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Attendence Allowance - DWP related issues

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kevin
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EXPLANATORY MEMORANDUM TO THE SOCIAL SECURITY BENEFITS UP-RATING ORDER 2009

http://www.opsi.gov.uk/si/si2009/draft/em/ukdsiem_9780111472798_en.pdf<

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kevin
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kevin
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This project represents the first of potentially three stages of research on the feasibility of estimating the DLA/AA take-up rate and a complementary study to it. Being methodological in nature, the research does not question the current level of fraud and error. Nor does it aim to suggest whether or how the policies and/or practices relating to the benefits in question should change.

On the basis of a desk-based review of documentation relating to claims, interviews with key stakeholders, investigation of existing data and analysis of potential approaches to estimating take-up of DLA/AA, the study puts forward a measure of take-up and recommends an approach to its estimation.

The approach has a number of advantages over the other methods of estimating take-up. However, its adoption depends on the ability of research and policy makers to address its challenges. This is to be explored at the subsequent stages of the feasibility research.

July 2007 134 pages 297x210mm

ISBN 978 1 84712 226 1

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kevin
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Allowance programmes are a conceptually appealing way to help people with disabilities and their families pay for the goods and services that such individuals often need. This report examines how the international literature on the extra costs of disability could contribute to an assessment of the Disability Living Allowance (DLA) and Attendance Allowance (AA) programmes in the UK.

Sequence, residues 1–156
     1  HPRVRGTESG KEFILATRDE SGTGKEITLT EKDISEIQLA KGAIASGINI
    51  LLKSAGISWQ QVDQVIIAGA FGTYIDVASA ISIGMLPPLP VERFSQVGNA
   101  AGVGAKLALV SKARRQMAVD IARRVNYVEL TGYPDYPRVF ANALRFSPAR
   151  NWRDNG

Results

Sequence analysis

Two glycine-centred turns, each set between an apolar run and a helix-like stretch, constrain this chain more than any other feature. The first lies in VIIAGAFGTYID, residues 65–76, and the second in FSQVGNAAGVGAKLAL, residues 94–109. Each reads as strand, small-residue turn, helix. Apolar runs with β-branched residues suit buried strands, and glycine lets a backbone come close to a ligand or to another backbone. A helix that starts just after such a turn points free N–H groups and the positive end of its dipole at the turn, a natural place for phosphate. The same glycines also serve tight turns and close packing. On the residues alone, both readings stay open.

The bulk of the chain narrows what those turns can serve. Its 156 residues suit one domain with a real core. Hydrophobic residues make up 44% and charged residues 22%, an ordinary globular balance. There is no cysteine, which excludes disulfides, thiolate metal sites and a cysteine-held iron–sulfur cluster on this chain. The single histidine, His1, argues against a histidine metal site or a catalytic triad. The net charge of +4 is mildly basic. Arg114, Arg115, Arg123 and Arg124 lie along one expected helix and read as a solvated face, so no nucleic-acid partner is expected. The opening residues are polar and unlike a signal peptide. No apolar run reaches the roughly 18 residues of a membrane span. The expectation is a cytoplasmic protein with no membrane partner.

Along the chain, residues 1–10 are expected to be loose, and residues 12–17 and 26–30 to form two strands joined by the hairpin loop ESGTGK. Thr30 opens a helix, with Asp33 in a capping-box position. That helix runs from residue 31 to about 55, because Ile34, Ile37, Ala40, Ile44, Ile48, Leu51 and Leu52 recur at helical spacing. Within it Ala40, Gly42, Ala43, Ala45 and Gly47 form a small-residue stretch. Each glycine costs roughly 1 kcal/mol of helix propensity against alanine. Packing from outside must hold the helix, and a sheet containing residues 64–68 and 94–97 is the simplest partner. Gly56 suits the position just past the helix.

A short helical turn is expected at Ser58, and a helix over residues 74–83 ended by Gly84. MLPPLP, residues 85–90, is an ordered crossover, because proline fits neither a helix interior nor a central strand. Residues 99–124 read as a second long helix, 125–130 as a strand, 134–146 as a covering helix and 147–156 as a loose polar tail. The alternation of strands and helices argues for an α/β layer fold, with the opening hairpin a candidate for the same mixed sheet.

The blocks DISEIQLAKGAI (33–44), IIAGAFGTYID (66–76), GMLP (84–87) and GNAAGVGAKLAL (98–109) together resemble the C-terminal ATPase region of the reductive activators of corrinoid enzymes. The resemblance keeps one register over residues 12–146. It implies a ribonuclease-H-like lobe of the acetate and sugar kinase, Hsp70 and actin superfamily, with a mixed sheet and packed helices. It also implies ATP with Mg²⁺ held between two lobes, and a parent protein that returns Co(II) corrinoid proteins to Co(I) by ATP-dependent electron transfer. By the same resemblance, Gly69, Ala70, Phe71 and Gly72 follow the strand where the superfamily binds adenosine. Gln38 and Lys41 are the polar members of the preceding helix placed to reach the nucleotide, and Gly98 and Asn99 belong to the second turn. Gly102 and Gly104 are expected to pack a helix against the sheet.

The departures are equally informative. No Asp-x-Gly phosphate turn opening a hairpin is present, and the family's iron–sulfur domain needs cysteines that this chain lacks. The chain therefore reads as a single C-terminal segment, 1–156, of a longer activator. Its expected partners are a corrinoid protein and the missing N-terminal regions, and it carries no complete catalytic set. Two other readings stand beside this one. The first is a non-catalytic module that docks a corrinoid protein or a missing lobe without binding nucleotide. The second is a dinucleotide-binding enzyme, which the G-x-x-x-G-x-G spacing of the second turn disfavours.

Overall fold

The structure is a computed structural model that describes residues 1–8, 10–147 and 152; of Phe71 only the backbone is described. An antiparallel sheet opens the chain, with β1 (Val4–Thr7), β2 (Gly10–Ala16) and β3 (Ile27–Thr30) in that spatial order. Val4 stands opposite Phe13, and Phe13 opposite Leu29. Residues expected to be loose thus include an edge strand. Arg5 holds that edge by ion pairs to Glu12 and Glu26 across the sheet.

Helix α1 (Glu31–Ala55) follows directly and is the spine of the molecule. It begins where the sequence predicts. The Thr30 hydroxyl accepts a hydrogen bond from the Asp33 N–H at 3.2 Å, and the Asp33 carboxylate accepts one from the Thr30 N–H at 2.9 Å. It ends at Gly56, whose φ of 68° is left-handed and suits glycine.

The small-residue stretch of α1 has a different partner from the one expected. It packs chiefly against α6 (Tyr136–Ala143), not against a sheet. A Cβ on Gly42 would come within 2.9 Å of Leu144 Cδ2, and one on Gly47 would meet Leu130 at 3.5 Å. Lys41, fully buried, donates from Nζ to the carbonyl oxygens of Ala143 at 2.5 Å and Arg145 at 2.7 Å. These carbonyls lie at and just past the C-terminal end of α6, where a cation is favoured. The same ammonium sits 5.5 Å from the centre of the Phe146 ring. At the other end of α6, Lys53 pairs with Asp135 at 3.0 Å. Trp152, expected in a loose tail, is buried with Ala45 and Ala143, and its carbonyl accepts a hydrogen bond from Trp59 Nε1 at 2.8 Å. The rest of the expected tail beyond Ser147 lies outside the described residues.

The report presents rigorous evidence from a U.S. demonstration, that allowances can improve the lives of people with disabilities, relative to programmes that deliver agency services financed directly by the government. It also finds that, of all definitions of the extra cost of disability encountered in the literature, the 'expenditure equivalence' definition – the amount of additional income a person with a disability would require to achieve the same standard of living as a similar person without a disability - stands out as the most salient for assessing the adequacy of allowances. The report finds very little evidence from either programmes in other countries, or the research literature to support an assessment of allowance amounts in the UK programmes.

A few studies, including a UK study, use the expenditure equivalence definition to demonstrate that the extra cost of disability can be very high, but their findings are not directly applicable to DLA and AA. The approach of these studies could potentially be applied to analysis of existing or new UK data in support of an assessment of the two programmes.

January 2009 62 pages 297x210mm

ISBN 978 1 84712 458 6

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kevin
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DEPARTMENT FOR WORK AND PENSIONS - Communicating with customers

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The future of Attendance Allowance and other disability benefits for older people

http://www.parliament.uk/briefingpapers/commons/lib/research/briefings/s...<

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